By Melissa Watt |
In its 10th year running, the finalists of the Redress Design Award 2020 have been revealed.
Formerly known as the EcoChic Design Award, the Redress Design Award is the largest sustainable fashion design competition in the world. It was created to foster a new generation of talent who are finding innovative ways to design waste out of the textile industry. It is hoped that providing a platform for these changemakers will transform the global fashion sector for good.
The Redress Design Award was developed by Redress, a leading NGO working to reduce textile waste in the fashion industry through educating emerging fashion designers. Christina Dean, Founder and Chair of Redress, explains that “around 80% of a product’s environmental impact is locked in at the design stage. This means that designers have power. But unless designers have the know-how, we’re not tapping into their power in a positive way.”
The 10 global finalists are competing for career-changing prizes in a menswear and womenswear category. The two respective winners will be revealed in Hong Kong this upcoming September.
Each finalist is an emerging designer or student with less than four years of experience. The finalists have all demonstrated a combination of zero-waste, upcycling and reconstruction design techniques in their entries. You can view the finalists’ designs here.
The Menswear Prize winner will earn themselves a mentorship at apparel and footwear comglomorate, VF Corporation, who owns the likes of Vans, The North Face and Timberland.
The Womenswear Prize winner will join the R Collective, one of the world’s fastest growing upcycling fashion brands, as seen on Net-A-Porter. This winner will also have the opportunity to transform their competition collection into a limited edition capsule collection for retail in 2021.
The winners will join the ranks of competition Alumni, all of which have gone onto successful fashion careers. Among them are Britain’s Katie Jones, who has dressed Kylie Minogue and Dua Lipa, and Hong Kong’s Jesse Lee whose upcyled collection was retailed in select Levi’s stores this year.
The winners will be chosen by an impressive judging panel, including former winner and founder of Germanier, Kévin Germanier; Creative Director of the R Collective, Denise Ho; fashion writer and consultant, Susie Lau; and the CEO of TAL Group, Roger Lee.
Joining the judging panel is the Global Creative Director and Co-Founder of Fashion Revoltuion, Orsola de Castro. Orsola is not just looking for a sustainable designer, she’s looking for a pioneer. “What is fundamental is that as well as designing collections, the winners need to also design intelligent systems, to use their creativity and to define a new marketing system that works specifically for what they are doing rather than thinking there is a rule that fits us all,” says Orsola.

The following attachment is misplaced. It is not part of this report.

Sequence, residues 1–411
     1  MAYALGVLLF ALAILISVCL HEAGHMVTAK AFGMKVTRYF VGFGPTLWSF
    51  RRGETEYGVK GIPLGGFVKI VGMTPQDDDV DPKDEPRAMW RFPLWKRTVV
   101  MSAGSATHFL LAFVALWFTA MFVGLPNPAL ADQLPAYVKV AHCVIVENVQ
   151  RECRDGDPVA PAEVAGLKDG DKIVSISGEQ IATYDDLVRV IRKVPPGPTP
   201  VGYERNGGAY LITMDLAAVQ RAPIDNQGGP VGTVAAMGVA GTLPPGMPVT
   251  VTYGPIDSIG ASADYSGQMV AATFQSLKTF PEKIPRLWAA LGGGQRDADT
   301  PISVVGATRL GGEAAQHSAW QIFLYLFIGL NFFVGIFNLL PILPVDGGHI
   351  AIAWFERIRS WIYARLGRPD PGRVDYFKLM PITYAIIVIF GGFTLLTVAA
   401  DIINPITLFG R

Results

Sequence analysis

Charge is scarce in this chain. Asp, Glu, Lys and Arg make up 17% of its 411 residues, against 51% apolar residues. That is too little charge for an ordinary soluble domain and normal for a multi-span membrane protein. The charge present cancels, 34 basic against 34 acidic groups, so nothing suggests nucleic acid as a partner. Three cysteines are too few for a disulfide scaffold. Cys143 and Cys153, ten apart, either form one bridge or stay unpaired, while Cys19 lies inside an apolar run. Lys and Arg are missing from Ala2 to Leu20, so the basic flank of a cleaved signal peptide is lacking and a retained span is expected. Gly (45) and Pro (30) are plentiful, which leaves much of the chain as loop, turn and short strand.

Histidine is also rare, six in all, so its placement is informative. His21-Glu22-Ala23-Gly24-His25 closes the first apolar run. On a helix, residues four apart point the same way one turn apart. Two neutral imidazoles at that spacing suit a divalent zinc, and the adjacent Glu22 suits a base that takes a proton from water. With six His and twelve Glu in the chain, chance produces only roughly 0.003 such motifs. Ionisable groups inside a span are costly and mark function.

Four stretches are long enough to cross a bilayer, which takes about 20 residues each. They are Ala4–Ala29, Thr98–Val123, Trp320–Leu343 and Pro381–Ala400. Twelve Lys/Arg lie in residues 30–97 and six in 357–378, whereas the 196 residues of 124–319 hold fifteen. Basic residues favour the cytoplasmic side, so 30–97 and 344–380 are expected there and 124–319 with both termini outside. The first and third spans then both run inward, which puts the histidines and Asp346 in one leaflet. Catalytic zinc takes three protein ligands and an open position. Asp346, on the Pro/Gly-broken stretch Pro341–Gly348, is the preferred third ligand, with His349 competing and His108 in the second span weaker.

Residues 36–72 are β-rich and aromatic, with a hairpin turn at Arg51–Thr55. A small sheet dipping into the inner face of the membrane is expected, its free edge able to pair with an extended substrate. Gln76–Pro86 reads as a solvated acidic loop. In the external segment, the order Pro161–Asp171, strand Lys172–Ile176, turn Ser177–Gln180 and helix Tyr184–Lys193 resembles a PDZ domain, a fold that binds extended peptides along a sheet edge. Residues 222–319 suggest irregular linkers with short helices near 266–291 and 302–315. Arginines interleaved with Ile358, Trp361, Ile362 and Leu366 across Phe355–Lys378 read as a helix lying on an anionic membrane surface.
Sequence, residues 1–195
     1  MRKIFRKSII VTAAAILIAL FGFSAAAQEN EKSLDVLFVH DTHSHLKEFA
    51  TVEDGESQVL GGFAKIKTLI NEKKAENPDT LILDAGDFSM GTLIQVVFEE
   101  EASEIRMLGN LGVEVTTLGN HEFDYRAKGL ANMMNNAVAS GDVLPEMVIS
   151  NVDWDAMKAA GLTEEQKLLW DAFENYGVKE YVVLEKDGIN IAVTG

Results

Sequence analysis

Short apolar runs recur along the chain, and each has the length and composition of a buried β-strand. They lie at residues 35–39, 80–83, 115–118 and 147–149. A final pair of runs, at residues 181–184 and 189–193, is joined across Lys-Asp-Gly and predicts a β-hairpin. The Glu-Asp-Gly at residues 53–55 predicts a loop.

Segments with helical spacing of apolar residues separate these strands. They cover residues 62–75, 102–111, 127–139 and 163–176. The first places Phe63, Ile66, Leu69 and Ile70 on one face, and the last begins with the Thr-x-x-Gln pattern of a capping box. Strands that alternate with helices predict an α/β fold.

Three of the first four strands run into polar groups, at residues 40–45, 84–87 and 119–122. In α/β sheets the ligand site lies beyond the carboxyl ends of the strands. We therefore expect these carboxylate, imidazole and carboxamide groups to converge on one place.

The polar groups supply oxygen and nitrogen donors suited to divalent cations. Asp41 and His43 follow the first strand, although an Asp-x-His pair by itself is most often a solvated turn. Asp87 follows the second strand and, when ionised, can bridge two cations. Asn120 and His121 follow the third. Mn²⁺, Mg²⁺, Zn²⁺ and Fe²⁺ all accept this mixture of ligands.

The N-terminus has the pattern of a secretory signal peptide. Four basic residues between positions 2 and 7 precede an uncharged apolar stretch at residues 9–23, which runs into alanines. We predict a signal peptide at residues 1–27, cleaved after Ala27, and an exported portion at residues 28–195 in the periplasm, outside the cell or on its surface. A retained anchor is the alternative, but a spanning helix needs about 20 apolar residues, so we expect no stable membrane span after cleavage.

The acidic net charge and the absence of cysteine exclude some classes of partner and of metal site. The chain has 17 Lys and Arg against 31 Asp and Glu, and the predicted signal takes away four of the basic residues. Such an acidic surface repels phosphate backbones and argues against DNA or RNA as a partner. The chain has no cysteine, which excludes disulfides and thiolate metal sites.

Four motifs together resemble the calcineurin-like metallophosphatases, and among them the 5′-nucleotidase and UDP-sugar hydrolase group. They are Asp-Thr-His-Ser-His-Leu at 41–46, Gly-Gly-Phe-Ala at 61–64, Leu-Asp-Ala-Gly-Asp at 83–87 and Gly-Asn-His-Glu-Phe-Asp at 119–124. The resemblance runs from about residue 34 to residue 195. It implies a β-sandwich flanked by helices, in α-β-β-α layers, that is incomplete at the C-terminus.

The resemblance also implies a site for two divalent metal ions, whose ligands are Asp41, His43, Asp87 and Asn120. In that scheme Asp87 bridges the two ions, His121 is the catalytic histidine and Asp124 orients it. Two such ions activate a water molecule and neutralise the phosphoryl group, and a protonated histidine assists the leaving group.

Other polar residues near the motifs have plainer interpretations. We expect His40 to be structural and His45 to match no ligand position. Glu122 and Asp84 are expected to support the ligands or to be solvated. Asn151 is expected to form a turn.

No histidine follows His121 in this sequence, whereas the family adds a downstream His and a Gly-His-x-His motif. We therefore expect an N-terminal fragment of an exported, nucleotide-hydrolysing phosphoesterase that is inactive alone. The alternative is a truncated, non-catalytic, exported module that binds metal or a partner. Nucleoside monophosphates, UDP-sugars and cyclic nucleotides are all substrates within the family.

Kevin Bailey, Vice President and Group Presedient of the VF Corportation, will also be judging. His hope for the Award is that it “equips emerging designers with the skills and knowledge needed to turn the fashion industry on its head, leading us towards a more sustainable future and providing the finalists with a stepping stone directly into the real world.”
Judge and founding publisher of Vogue Hong Kong, Desiree Au, “took such joy in reviewing all the entries because they are more than beautiful garments, there is a true mission behind each thread and stitch. An undisputed ‘fashion force’!”
In the age of disposable fashion, the Redress Award is needed more than ever. Between 80 billion to 100 billion items of clothing are produced each year, while the equivalent of one garbage truck of textiles is landfilled or burned every second. The finalists have all created collections designed to prevent unwanted textiles from ending up in landfill, where they can take several hundred years to decompose.
The competition also comes at a critical time as the fashion industry is facing its largest economic crisis in decades. “COVID-19 has devastated the business, the balance sheets and is affecting creativity on the drawing board. Meanwhile, fashion’s already staggering waste rates will likely spike due to shocking retail performance and dislocated supply chains that have stranded inventory and materials globally. Only the toughest and most talented designers will survive this crisis, and those designers who can upcycle waste materials, like our 10 Redress Design Award Finalists, are already ahead of the pack as they enter a new fashion industry,” says Christina Dean.